Yesterday, I went to Electronic Arts Intermix on 22nd Street in Chelsea to see Charlemagne Palestine, a composer, performer, and visual artist living in Belgium. He was originally a New Yorker, and lived here from birth in 1946 until the mid-70s. He made a lot of ritual actions where he chanted repetitively or clapped his hands against his body, often while holding a video camera, so that the movies that were made also became artwork in addition to the performances. There are strange props in the videos: stuffed animals, clove cigarettes, scarves, and cognac. He is an associate of Tony Conrad and is often associated with minimalism, so everything goes on very repetitively and for a long time. We set down in the gallery to watch a couple of films, like this one:
Then there was supposed to be a moderated discussion, but Mr. Palestine became very agitated about how the lack of social subsidy for ephemeral artists made the art world in America impossible and unworkable, because ephemeral artists did not produce saleable objects. The moderators tried to regain some control over the discussion by allowing the audience to ask questions. Mr. Palestine kept turning the discussion back to systemic dysfunction in the American art world. He talked about how for thirty years it was as if he was dead and no one knew anything about him, but via the internet and Youtube he had been rediscovered and accepted into the art world. He was very agitated and seemed as if drunk. "I have been drinking since birth," he said. "Since before that!" It was enjoyable nonsense. It would have felt very negative if he hadn't been so carefree about it. I took some pictures as he gave his wacky freakout meltdown lecture.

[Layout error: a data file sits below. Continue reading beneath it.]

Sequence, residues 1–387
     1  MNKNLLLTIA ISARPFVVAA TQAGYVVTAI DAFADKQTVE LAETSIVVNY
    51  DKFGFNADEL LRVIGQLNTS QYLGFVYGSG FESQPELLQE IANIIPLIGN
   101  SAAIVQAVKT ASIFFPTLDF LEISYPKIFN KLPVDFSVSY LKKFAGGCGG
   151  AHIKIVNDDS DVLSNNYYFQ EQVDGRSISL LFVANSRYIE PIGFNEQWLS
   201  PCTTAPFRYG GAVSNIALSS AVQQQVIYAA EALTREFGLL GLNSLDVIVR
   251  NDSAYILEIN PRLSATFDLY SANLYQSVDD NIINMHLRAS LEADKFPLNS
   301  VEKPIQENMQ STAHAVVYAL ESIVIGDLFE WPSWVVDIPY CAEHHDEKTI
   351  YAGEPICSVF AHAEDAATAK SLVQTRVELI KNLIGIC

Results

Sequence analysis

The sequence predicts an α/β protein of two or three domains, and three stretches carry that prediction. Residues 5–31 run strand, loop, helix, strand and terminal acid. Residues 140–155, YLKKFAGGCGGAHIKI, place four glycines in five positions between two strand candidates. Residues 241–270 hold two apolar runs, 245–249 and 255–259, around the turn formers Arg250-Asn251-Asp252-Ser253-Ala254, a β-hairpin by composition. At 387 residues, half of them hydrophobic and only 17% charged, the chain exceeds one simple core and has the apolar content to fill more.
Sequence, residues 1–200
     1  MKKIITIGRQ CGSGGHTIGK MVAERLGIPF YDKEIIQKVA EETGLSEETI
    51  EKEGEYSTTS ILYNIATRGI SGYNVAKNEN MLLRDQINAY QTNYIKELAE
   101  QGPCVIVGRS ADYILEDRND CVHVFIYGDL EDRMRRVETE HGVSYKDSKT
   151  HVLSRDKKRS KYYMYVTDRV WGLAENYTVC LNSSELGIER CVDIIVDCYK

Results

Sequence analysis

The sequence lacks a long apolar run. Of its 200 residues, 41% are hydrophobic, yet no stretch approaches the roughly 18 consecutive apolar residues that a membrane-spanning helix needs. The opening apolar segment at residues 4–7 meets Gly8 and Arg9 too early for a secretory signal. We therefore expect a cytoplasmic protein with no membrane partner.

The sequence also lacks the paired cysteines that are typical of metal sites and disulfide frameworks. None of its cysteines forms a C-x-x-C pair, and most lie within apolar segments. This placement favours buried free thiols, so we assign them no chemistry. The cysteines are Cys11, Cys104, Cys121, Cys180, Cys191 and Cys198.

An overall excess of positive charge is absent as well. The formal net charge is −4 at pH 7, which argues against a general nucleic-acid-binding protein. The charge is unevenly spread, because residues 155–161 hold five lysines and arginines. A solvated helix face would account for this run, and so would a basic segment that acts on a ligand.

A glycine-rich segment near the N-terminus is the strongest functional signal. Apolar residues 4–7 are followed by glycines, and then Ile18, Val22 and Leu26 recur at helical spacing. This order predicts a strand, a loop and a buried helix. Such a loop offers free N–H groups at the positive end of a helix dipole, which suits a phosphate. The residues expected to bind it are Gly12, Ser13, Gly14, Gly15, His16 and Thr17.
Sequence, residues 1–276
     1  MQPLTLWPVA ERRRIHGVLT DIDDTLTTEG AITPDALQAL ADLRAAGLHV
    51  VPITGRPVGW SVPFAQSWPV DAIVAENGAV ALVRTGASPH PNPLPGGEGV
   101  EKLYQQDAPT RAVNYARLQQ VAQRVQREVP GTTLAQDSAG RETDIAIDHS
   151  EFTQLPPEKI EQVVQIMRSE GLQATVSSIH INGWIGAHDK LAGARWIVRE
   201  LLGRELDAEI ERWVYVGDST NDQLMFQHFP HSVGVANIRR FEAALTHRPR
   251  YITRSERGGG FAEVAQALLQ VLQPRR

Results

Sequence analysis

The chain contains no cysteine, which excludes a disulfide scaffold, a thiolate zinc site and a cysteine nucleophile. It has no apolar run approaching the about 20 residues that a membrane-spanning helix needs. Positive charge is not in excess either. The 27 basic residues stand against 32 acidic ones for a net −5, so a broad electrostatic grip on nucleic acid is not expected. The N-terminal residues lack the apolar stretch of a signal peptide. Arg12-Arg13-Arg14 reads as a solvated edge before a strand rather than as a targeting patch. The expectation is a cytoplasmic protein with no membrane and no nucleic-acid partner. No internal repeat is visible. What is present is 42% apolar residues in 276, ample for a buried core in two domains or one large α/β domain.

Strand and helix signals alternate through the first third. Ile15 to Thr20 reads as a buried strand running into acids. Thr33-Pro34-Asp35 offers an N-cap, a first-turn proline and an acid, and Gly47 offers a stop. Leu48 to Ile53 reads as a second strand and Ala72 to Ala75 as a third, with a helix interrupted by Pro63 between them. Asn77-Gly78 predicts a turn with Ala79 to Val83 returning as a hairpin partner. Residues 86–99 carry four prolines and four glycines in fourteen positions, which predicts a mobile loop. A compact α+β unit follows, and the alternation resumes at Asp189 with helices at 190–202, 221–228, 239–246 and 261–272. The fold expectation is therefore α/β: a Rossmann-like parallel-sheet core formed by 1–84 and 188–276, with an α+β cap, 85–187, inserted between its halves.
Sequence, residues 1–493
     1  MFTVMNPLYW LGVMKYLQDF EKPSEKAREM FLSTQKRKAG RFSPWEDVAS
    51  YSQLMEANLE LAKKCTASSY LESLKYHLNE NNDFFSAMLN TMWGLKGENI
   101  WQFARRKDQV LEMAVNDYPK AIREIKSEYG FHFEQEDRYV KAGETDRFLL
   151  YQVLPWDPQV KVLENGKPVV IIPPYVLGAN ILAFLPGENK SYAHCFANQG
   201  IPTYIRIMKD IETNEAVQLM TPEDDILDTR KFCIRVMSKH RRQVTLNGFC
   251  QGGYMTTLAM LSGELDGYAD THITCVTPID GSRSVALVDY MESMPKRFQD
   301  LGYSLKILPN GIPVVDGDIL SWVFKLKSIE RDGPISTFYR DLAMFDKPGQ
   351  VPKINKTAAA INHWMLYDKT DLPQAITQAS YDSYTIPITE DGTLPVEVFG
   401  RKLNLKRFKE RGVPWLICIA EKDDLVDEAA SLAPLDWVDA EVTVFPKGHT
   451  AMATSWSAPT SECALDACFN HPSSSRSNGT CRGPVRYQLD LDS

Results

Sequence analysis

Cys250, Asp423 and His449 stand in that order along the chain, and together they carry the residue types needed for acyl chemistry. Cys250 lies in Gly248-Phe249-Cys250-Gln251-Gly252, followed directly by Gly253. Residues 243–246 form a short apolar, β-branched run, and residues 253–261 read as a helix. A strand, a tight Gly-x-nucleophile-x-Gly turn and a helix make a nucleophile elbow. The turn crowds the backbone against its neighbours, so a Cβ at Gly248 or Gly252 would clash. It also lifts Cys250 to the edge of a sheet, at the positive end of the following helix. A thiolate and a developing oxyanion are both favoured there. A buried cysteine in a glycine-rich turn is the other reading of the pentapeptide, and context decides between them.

It was quite insane. When he would quiet down they would ask a question and he would start up again. This went on until the curators cut it off. When they were ending it, he said that he was like everyone's uncle from Belgium, who only came around once in a while to get drunk and act crazy. He had great delivery and I had to laugh. The discussion ended and he stormed out of the room, disappearing behind a curtain. I followed him down the hall, and waited for him outside the bathroom he had scurried into. When he came out, I got him to take a picture with me. I put my arm around him, and he embraced me gently in return. Here it is: me with Charlemagne Palestine. I almost posted this as It Looks Cool. It Looks Cool!